Grady Auvil

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Grady Auvil (December 7, 1905 – December 28, 1998[1]) was the founder of the Auvil Fruit Company.

He established the Washington Tree Fruit Research Commission and first cultivated the Granny Smith apple in the United States. In addition, Auvil received the state of Washington's highest honor, The Washington Medal of Merit, from Governor Gary Locke.

Life[edit]

Grady Auvil was born on December 7, 1905, in Yeager, West Virginia, to Llewellyn Auvil and Ida (Ashworth) Auvil. At the age of two years, Auvil's family moved to Entiat in Washington state. Auvil was raised in Entiat, where in 1922 he graduated from high school. Auvil attended and graduated from Washington State University and in 1928 moved to Orondo. At the age of 22, Auvil founded Auvil Fruit Company. In 1934, Auvil married Lillie O. Grandt in Withrow at Lillie's parents' house.

During Auvil's time in his business "Auvil Fruit Company", he made many industry introductions with new fruits and innovations that revolutionized not only his business but the entire field that it was in. For instance: Auvil introduced the "Red Haven Peach" to the North Western United States in 1941, he developed the practice and use of grass cover for orchards in 1948. In 1952, Auvil also proved the effectiveness of using poplar trees for windbreaks. In 1953, Auvil was made the President of the Washington State Horticulture Association. Auvil was named the "Grower of the Year" in 1954. Auvil introduced to the market the "Red Gold Nectarine" in 1960. In 1967, Auvil came up with the practice and use of "undertree sprinklers" for the purpose of frost control. In 1968, Auvil established the "Tree Fruit Commission". In 1972, Auvil introduced the "Granny Apple" to the north western United States and in 1973 he had led the way in using the M26 rootstocks for practical use. In 1975, Auvil brought the "Rainier Cherry" to the north western United States and in the next year he developed double row planting for Granny Smith apple trees.

In 1981, Auvil was named for the second time "Grower of the Year" on top of being awarded the "The Outstanding Citizen of the Year" award by the Apple Blossom Festival. In 1986, the Washington State Cherry Commission honored Auvil the "Cherry King". In both 1989, Auvil had received the Gamma Sigma Delta "Award of Merit". To kick off the new decade in the 1990s, Auvil was named for the third time "Grower of the Year" in 1990. In 1998, Auvil was a recipient of the "Washington State Medal of Merit" awarded be the Washington State Legislature; the Medal of Merit is regarded as the State of Washington's highest honor of achievement that a citizen of Washington could be bestowed with.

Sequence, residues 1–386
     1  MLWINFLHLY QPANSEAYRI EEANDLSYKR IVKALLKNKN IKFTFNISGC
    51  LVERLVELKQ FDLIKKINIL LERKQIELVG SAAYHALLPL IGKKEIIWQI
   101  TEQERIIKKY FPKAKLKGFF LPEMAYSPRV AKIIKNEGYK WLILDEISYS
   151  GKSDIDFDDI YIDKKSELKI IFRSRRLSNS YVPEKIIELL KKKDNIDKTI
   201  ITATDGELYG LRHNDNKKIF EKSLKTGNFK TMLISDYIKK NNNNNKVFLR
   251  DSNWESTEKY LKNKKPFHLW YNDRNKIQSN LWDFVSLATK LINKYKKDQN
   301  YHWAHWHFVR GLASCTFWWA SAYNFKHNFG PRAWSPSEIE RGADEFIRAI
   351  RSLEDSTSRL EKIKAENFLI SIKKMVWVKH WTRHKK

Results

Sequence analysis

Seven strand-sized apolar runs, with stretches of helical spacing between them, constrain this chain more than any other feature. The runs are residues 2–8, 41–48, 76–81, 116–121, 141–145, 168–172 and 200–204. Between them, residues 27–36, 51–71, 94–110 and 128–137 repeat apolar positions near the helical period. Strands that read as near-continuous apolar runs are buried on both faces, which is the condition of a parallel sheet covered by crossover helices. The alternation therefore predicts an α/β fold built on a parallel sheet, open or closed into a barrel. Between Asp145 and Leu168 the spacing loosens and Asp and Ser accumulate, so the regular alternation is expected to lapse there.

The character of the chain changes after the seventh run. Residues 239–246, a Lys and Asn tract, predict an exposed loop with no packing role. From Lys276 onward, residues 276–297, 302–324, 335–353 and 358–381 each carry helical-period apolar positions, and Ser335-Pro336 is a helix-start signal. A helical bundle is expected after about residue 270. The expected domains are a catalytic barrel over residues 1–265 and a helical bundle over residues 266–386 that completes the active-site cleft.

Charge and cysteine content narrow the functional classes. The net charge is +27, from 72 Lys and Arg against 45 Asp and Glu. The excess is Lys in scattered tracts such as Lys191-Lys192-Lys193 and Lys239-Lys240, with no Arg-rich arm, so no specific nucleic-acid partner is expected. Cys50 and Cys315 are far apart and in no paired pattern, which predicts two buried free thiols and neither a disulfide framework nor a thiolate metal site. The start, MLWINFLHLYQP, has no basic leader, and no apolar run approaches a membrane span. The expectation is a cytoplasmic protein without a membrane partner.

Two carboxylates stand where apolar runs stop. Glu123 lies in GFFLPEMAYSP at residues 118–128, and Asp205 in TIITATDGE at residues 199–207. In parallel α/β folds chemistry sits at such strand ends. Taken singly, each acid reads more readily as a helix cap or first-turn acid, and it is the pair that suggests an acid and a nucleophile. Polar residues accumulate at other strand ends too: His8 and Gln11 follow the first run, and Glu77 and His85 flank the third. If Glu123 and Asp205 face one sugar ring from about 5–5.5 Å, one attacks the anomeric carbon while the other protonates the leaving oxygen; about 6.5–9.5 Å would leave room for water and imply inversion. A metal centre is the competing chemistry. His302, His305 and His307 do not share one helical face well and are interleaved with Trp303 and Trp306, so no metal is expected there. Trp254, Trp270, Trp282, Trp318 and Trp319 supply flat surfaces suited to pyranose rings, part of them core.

For fifteen years, Auvil served on the Orondo Public School Board and for twenty years he had served on the Douglas County School Reorganizational Committee. For six years, Auvil had served as the Douglas County P.U.D. commissioner and member. Auvil also served on the Washington State University Tree Fruit Research Commission Scholarship Committee. For over fifty years, Auvil was a member of the Orondo Grange. His most valued hobbies were his rose and vegetable gardens. Auvil died on December 28, 1998, in the Central Washington Hospital. Auvil was survived by his one daughter and two sons; his wife Lillie died a few years after he did.[2]

External links[edit]

References[edit]

  1. ^ "Grady Auvil". genealogybank. Retrieved 4 February 2014. 
  2. ^ Find a Grave Memorial; March 2009